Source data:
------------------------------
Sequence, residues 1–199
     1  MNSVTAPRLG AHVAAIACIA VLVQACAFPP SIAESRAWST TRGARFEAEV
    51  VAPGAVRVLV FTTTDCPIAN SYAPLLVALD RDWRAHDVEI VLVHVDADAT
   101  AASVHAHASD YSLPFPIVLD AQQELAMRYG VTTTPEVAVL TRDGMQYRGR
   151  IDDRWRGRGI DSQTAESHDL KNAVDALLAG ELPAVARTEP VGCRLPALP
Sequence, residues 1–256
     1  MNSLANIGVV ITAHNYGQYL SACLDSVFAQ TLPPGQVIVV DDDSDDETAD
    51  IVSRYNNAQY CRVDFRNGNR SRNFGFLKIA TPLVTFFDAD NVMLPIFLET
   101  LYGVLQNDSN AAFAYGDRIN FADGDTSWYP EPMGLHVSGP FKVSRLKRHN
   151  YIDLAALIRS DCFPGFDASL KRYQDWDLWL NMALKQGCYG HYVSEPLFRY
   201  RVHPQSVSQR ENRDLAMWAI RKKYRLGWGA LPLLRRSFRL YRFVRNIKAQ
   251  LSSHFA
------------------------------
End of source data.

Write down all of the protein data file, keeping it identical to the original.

Sequence, residues 1–199
     1  MNSVTAPRLG AHVAAIACIA VLVQACAFPP SIAESRAWST TRGARFEAEV
    51  VAPGAVRVLV FTTTDCPIAN SYAPLLVALD RDWRAHDVEI VLVHVDADAT
   101  AASVHAHASD YSLPFPIVLD AQQELAMRYG VTTTPEVAVL TRDGMQYRGR
   151  IDDRWRGRGI DSQTAESHDL KNAVDALLAG ELPAVARTEP VGCRLPALP
Sequence, residues 1–256
     1  MNSLANIGVV ITAHNYGQYL SACLDSVFAQ TLPPGQVIVV DDDSDDETAD
    51  IVSRYNNAQY CRVDFRNGNR SRNFGFLKIA TPLVTFFDAD NVMLPIFLET
   101  LYGVLQNDSN AAFAYGDRIN FADGDTSWYP EPMGLHVSGP FKVSRLKRHN
   151  YIDLAALIRS DCFPGFDASL KRYQDWDLWL NMALKQGCYG HYVSEPLFRY
   201  RVHPQSVSQR ENRDLAMWAI RKKYRLGWGA LPLLRRSFRL YRFVRNIKAQ
   251  LSSHFA